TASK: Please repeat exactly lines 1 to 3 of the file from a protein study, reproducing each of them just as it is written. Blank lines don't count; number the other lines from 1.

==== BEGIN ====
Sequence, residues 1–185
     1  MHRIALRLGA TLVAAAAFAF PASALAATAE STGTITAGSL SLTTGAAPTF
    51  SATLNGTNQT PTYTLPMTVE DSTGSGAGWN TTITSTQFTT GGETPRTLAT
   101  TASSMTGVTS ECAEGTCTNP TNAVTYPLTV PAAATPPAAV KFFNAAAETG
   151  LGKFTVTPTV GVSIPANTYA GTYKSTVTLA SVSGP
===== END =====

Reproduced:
Sequence, residues 1–185
     1  MHRIALRLGA TLVAAAAFAF PASALAATAE STGTITAGSL SLTTGAAPTF
    51  SATLNGTNQT PTYTLPMTVE DSTGSGAGWN TTITSTQFTT GGETPRTLAT